Year of Establishment: 2009
Located At: Hsinchu, Taiwan
Founder: Liu Xing-shen (劉興燊)
Did You Know That...?
When the COVID-19 pandemic struck in 2020, most Taiwanese were left without any way to travel abroad, and domestic tourism was quickly booming, with one such destination being Hsinchu's Paper Hut Nest. Located next to Qionglin Elementary School in Qionglin Township, Hsinchu County, Paper Hut Nest sits down a plain, winding alleyway reminiscent of the entrance to the Peach Blossom Spring in Tao Yuanming's famous late-Jin-era (5th century) fable of the same name: "At first it was so narrow that [one] could barely pass, but after advancing a short distance it suddenly opened up." And when it opens up, what meets your eyes, in this case, is the Paper Hut Nest papermaking workshop.
Hemmed in on three sides by hills, the site on which Paper Hut Nest sits is, geographically speaking, shaped much like a nest itself. Around the late 18th century, one Liu Chuan-lao (劉傳老) made his way to Hsinchu, settling in Qionglin Township (芎林鄉). He made his family here, and after three generations, they remained enamored by the wealth of bamboo and water, choosing to make it their permanent home. The Liu family made the most of these natural advantages to go into papermaking, setting up their own paper mill to make paper from the local bamboo. The sizable paper mill became an icon of the business and art of papermaking.
The paper mill began by focusing on the production of joss paper. Religious tradition was very important to the local community, and so the joss paper industry flourished there, with Paper Hut Nest becoming the largest cluster of paper mills in northern Taiwan. However, with the Japanese taking control of Taiwan in 1895 and later establishing the kouminka ("imperialization") policy of Japanization, Taiwanese folk beliefs were forbidden, and the paper mill suffered as a result. With the mechanization of papermaking in the 1960s and 1970s, the traditional papermaking industry in the region has gradually fallen into decline.
Paper Hut Nest as it exists today has its origins in the nostalgia of local residents for the industry developed by their pioneer ancestors. In 1994, Liu Xing-shen (劉興燊) took the lead and brought together the locals to attempt to revive the old bamboo papermaking culture. Ultimately, with the help of the Council of Cultural Affairs (now the Ministry of Culture), Paper Hut Nest was completed in 2008 and officially opened the following year.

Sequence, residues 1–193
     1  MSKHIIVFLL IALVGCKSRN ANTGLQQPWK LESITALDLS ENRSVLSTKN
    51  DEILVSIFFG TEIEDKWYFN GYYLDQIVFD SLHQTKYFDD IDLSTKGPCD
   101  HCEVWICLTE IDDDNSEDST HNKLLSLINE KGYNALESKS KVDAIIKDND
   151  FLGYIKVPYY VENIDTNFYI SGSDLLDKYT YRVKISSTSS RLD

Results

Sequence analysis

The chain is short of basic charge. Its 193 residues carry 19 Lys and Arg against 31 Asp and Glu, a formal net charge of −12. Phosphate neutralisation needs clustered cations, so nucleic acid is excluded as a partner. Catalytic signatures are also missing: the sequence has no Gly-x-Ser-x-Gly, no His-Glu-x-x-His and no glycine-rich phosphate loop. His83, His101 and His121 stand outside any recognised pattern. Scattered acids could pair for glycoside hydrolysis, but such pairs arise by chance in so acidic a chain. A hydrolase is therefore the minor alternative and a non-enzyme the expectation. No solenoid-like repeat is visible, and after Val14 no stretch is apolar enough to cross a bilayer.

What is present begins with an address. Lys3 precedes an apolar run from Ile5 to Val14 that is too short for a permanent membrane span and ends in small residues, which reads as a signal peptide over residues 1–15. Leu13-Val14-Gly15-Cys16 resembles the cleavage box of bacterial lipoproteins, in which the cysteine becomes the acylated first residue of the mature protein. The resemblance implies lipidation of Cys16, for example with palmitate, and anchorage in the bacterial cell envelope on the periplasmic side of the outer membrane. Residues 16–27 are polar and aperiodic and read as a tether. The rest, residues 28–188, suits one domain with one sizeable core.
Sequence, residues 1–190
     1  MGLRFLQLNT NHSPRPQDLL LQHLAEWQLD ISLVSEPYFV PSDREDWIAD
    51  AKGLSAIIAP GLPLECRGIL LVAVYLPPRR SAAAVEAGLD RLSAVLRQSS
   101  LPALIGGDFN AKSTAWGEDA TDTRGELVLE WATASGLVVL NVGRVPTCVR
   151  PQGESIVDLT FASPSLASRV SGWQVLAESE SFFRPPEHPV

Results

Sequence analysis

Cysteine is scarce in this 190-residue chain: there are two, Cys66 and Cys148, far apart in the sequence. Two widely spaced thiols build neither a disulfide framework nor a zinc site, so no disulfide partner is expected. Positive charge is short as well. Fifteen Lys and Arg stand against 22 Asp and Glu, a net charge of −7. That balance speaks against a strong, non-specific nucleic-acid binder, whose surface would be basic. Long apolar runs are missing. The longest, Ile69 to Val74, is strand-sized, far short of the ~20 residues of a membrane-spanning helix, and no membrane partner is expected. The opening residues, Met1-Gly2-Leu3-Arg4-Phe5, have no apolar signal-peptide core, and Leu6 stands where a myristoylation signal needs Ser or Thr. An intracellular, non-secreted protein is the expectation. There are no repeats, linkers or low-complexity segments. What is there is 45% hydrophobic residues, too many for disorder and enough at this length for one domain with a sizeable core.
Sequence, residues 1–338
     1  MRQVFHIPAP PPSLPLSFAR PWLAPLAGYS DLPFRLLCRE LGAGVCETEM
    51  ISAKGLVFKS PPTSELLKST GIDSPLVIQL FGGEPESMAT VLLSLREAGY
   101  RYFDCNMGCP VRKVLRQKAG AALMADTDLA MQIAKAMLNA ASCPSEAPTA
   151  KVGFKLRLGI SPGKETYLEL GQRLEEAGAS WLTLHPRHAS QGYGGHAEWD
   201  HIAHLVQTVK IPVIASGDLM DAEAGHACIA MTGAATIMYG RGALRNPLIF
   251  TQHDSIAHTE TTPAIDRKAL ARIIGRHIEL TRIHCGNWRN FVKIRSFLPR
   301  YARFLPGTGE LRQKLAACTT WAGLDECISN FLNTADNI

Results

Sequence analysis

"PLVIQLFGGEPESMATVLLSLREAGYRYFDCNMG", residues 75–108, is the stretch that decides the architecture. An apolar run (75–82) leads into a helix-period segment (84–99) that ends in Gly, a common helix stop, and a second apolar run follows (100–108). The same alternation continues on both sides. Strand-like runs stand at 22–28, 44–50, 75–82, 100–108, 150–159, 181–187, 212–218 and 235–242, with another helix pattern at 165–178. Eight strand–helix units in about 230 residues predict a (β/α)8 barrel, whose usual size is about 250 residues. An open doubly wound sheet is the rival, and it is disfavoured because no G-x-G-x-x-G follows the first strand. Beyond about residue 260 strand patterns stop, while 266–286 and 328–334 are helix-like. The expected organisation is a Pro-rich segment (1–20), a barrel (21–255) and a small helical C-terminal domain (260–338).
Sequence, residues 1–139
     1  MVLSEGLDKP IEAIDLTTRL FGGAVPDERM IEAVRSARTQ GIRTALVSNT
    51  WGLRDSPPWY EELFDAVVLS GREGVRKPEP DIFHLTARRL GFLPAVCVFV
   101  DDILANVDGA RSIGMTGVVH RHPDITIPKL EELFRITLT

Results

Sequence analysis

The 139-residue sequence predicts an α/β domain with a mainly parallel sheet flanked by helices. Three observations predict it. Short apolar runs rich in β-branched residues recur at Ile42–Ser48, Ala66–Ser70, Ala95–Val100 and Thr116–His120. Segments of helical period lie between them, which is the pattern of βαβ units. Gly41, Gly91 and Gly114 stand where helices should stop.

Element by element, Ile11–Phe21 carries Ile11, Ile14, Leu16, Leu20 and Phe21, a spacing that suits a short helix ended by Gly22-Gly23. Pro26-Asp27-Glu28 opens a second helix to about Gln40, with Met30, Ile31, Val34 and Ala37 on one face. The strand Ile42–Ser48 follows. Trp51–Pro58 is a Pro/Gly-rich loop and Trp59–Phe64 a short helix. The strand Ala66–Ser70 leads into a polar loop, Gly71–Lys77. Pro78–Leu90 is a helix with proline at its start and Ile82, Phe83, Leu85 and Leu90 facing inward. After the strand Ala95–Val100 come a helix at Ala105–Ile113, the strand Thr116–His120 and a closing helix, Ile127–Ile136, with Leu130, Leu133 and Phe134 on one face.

Traditional handmade papermaking requires cutting bamboo, stripping it, transporting it, soaking it, rolling it out, pressing it, and drying it. Each step is massively labor-intensive and takes a good deal of time. Through Paper Hut Nest, though, visitors can experience each of the six major steps—cutting, soaking, rolling, pressing, separating, and drying. The traditional papermaking has returned to the community in a novel way, while promoting papermaking culture, the Paper Hut Nest workshop is passing on the ancient Hakka commitment to "cherishing paper and respecting writing."
In addition to papermaking, the Paper Hut Nest workshop also has other creative pursuits on offer, including silk-screen printing on paper, plant-based printing, and even ways to convert paper into items for everyday use like notebook covers. There are even other bamboo products or bamboo-woven items to choose from. All in all, the workshop offers visitors a wealth of experiences to choose from, all helping to revitalize the Paper Hut Nest culture of Qionglin Township.
The community-building work that has happened around the Paper Hut Nest papermaking workshop has not been easy, in large part because most of the members of the workshop are elderly, with young people accounting for a small minority.
As a result, the planning of activities tends to lack the kind of novel ideas that come from youth. A turn pointing occurred in 2017, when director of the Liu Chuan-lao Papermaking Culture Development Association's (劉傳老造紙文化發展協進會) Yang Li-jen (楊禮仁) began working with the Hsinchu County Government to promote tourism in connection with the Tung blossom travel project. The aim of this was to encourage more young people from the area to come back and do their part for their hometown.
The lush bamboo and wealth of water are what have made this location such a solid foundation for Paper Hut Nest's papermaking efforts. Now they hope to be able to also promote papermaking culture as part of an effort to promote Hakka culture more broadly, making Paper Hut Nest synonymous with "Hakka paper." From its traditional roots to its novel growth and ultimate blossoming into a beautiful part of the community, Paper Hut Nest is a worthy place to visit should you be planning to take in the Tung blossoms of the area. Come along and experience what it's like to really make bamboo paper!